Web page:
By Peter Usman://
With the adoption of the United Nations Convention against Transnational Organized Crime and its three Protocols in 2000, including the Protocol to Prevent, Suppress and Punish Trafficking in Persons the victim-centered approach to trafficking in persons was first established as an integral part of international law. Since then 177 countries have become parties to the Protocol confirming the universality of the approach.
With the objective of translating this approach into tangible and achievable results, on 28 April 2022, the National Agency for the Prohibition of Trafficking in Persons, NAPTIP gathered all stakeholders in the fight against human trafficking to launch several new policy documents, including the National Action against Human Trafficking (2022-2026).
The Plan revolves around 5 thematic areas, namely (i) Protection and Assistance, (ii) Prevention, (iii) Research and Assessment, Data Management and Statistics/Monitoring and Evaluation, (iv) Prosecution Law Enforcement and Access to Justice and (v) Partnership and Coordination.
The National Action Plan is the product of an extensive consultative process led by NAPTIP with the support of the Government of Switzerland and the technical advisory services of UNODC spanning almost two years involving government agencies at federal and state levels, civil society, academia, as well as international development partners through series of technical working group meetings.
The evidence base for the development of the action plan was provided by an in-depth baseline assessment conducted by UNODC taking stock of the current trends in trafficking, identifying any persisting institutional, legal and operational gaps and assessing lessons learned from the implementation of the two previous national action plans.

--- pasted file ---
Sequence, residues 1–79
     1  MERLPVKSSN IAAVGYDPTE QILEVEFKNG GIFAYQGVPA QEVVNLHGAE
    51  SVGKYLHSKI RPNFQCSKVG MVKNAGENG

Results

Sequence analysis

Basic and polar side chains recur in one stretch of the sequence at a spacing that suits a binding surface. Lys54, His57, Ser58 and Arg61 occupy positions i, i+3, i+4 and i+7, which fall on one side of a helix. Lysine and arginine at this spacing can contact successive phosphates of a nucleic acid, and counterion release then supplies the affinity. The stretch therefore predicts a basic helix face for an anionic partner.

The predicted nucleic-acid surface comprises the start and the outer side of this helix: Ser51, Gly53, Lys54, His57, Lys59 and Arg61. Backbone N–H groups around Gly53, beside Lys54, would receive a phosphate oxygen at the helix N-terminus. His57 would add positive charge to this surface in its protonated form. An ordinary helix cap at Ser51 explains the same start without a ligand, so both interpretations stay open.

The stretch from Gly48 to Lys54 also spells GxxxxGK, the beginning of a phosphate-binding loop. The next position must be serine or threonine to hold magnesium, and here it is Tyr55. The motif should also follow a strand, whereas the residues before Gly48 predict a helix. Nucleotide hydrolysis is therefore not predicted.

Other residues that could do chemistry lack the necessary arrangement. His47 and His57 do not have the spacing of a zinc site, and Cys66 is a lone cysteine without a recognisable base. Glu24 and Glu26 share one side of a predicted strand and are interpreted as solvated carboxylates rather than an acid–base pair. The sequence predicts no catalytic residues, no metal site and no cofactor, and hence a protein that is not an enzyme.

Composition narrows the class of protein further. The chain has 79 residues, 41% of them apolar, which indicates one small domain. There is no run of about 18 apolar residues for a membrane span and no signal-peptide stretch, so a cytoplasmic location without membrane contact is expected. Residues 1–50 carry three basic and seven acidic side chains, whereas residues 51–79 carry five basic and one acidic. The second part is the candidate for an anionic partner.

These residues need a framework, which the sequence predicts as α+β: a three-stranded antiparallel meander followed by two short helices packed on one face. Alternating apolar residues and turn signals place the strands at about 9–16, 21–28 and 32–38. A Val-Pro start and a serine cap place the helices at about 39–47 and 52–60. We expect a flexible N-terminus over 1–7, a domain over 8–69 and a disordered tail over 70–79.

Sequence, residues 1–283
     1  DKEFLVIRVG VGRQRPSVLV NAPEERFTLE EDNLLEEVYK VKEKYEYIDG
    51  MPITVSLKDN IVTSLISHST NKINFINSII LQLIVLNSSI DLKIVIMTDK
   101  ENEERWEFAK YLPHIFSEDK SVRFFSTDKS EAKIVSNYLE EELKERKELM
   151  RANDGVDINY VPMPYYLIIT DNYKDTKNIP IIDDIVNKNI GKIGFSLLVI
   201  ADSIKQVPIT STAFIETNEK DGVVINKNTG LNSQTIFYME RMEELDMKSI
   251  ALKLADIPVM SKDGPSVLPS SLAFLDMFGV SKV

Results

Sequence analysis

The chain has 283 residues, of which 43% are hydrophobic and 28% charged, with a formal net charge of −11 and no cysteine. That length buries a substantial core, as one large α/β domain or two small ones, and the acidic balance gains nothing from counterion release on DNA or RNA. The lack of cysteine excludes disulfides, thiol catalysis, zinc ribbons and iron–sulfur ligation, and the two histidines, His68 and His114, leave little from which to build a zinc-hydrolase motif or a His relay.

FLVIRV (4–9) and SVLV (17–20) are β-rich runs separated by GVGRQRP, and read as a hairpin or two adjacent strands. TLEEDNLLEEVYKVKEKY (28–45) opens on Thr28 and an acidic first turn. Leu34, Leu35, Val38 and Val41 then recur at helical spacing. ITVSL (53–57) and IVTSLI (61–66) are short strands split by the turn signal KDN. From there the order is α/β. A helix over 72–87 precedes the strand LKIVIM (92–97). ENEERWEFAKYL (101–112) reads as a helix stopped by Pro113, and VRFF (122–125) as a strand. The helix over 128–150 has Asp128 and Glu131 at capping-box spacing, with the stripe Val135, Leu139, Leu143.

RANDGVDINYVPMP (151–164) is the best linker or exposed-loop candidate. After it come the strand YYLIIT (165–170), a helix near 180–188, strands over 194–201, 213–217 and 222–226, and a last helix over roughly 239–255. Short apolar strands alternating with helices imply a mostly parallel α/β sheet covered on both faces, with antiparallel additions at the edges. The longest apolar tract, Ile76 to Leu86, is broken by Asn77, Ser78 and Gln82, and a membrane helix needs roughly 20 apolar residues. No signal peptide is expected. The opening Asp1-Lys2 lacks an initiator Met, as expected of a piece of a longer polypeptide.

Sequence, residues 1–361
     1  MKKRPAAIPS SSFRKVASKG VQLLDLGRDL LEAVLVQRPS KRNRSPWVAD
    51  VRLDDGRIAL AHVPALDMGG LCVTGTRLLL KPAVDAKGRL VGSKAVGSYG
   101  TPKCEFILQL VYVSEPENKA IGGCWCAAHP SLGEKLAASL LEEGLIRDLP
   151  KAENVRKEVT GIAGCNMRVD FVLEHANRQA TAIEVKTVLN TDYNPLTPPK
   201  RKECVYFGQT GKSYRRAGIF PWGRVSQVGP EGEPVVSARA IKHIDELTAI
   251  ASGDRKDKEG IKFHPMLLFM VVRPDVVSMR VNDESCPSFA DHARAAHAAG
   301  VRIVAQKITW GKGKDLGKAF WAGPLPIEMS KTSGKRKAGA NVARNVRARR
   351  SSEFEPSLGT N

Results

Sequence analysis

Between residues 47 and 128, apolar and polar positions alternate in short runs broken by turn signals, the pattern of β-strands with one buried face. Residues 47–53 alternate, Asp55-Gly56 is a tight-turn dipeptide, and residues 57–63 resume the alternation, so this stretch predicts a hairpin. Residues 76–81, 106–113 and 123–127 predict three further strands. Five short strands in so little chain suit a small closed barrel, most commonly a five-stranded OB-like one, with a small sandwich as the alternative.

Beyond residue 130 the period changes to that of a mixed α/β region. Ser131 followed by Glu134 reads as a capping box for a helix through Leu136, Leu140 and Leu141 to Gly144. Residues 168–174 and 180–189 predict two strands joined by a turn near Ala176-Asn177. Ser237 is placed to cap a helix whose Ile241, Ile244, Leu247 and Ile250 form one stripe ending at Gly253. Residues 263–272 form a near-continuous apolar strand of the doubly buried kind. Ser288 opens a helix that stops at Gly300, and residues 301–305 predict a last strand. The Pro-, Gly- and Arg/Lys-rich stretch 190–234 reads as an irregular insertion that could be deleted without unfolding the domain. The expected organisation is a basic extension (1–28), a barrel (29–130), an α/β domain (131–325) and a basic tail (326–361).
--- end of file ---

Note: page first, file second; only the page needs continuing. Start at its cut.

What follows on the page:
In her opening remarks, the Director General of the National Agency for the Prohibition of Trafficking in Persons, NAPTIP, Dr Fatima Waziri-Azi, appreciated “the United Nations Office on Drugs and Crime, UNODC for availing NAPTIP with the requisite technical support from conceptualization to finalization of the action plan”.
Delivering a goodwill message on the occasion of the launch, Dr. Oliver Stolpe, UNODC country representative, commented on the action plan: “We welcome the strong focus on prevention and prosecution both critical in reducing the prevalence of human trafficking.
“We also congratulate NAPTIP and all stakeholders on elevating data, research, monitoring and evaluation to a self-standing objective enabling us going forward to identify changes in the trends of trafficking more quickly and react to them more effectively.
“In line with its Strategic Vision for Nigeria UNODC will continue to support the Nigerian Government in effectively implementing the National Action Plan, including by strengthening the criminal justice response to trafficking in persons with a specific focus on intelligence-led investigations, enhancing prevention; increasing international cooperation with transit and destination countries, and promoting research and build knowledge of trafficking in persons and smuggling of migrants.”